A World Apart

FEATURE- July 2011
By Isaac Kestenbaum
Photographs by Jonathan Laurence

Growing up at the Haystack Mountain School of Crafts.


At first, I thought Haystack looked like something from another planet. specifically, to my eight-year-old self, it seemed exactly like the Ewok village from return of The Jedi. The tribe of small, furry, bearlike ewoks lived in huts built high among the trees, their homes connected by walkways.

The Haystack Mountain School of Crafts is similarly suspended between the ground and the sky, a floating village of cabins and studios connected to one another by boardwalks. The school is perched at the edge of the sea, at the end of the Sunshine peninsula on Deer Isle, which itself feels like it’s perched on the edge of the planet—or, when you’re a young boy, some alien planet of your imagination.

Haystack takes its name from Haystack Mountain in Montville, where the school was founded in 1950 and where it resided for 11 years. When Route 1 invaded, the school moved to its present location, a place where no highway would ever dare to go. My father, Stuart Kestenbaum, is nearly as old as Haystack, and in 1988 he became its third director, moving our family from Portland to Deer Isle when he took the job.

When I’m asked to describe Haystack, after first comparing it to an Ewok village, I’ll likely say that it’s one of the most beautiful places on earth, and the temporary home for a revolving community of artists, craftspeople, and thinkers who, each summer, come from all over to stay at Haystack’s cabins, eat in its dining hall, and work for two weeks in its studios. This transient population of creators and thinkers also take classes in—to name only a few of the school’s many offerings—ceramics, glassblowing, jewelry making, woodworking, weaving, blacksmithing, bookbinding, and printmaking.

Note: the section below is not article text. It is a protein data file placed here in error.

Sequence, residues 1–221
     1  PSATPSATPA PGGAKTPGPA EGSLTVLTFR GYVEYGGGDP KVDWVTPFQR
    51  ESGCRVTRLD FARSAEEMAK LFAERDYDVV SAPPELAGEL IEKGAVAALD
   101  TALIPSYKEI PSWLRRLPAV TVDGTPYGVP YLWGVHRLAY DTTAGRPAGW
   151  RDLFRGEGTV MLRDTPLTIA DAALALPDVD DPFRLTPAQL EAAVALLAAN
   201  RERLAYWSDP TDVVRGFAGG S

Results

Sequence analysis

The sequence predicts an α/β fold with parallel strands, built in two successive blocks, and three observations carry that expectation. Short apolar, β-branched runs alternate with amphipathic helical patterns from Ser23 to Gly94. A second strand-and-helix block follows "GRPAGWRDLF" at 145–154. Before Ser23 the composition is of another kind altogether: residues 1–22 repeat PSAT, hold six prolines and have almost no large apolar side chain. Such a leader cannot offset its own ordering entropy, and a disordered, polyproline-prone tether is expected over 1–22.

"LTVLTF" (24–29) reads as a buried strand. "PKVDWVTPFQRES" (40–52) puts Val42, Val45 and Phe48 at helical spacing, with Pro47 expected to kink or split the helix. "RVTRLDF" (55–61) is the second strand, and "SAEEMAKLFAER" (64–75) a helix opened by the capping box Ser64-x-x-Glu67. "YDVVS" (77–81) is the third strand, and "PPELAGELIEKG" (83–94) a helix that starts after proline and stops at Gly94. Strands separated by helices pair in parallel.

I know Haystack from the ground up—literally. My younger brother, Sam, and I spent many summer days hunting for treasures underneath the school’s decks and walkways. Once, a student lost an earring, and we were tasked with finding it. I remember feeling proud of the commission—I was a specialist, the only one equipped for this dangerous task, a dirty-kneed explorer of an underworld known only to me.

Sam and I were drawn to the hidden corners of the campus, such as the secret walkway beneath the drawing studio and the crevasses between rocks on the shore. The forest was especially enchanting, filled with ragged, asymmetrical spruce and fir trees that swayed in the ocean breeze. In one area of the woods, I found a giant pillow of moss that was as big as I was. I would sink my hand deep into it, and my handprint would remain while it slowly exhaled and swelled as it regained its natural form. Elsewhere, the landscape repeated itself in miniature: patchwork carpets of moss and ankle-high saplings became tiny forests and fields, each perhaps containing its own miniscule replicas within, without end, like a fractal.

Boulders fill the forest around the school, leftovers from the last ice age, but to me they were moons and asteroids orbiting planet Haystack. I would climb the highest ones and observe campus life unfolding beneath me. Some boulders even had full- grown trees on top, surviving, incredibly, on meager patches of wind-blown soil. The entire campus sat upon a thin layer of topsoil, and when a tree fell it pulled up a disc of roots and spruce needles only a few inches thick, revealing the hard bone of Maine granite beneath the skin of the earth. Sam and I also explored the school’s studios, mesmerized by the students in the “hot shop,” who flung molten glass around like glowing honey, intrigued by the hushed concentration in the drawing studios, or curious about the sound of machinery and dust from the woodshop. The students likewise fascinated us, and it was through Haystack that we first met people from other countries and cultures.

But to me, the soul of Haystack always was—and still is—my father. He would stride up and down the stairs with a ring of keys hanging from his belt, a jingling sound that announced his arrival and, to his sons at least, signified his authority and importance. He seemed to know everything about the school, even the number of steps that compose the main staircase and form the central artery of Haystack. I won’t reveal the figure here because my dad often likes to make visitors guess it.

My first real job was in the Haystack kitchen, chopping vegetables and making salads for the sprawling, family-style dinners. I operated the mechanical dishwasher and rang the towering dinner bell three times a day to summon the students to eat. The breakfast shift in the kitchen began at six o’clock in the morning, and even in the height of summer the Maine air can be brisk at that hour. To this day, the smell of breakfast cooking in the cold air will instantly transport me back to those quiet summer mornings of my adolescence.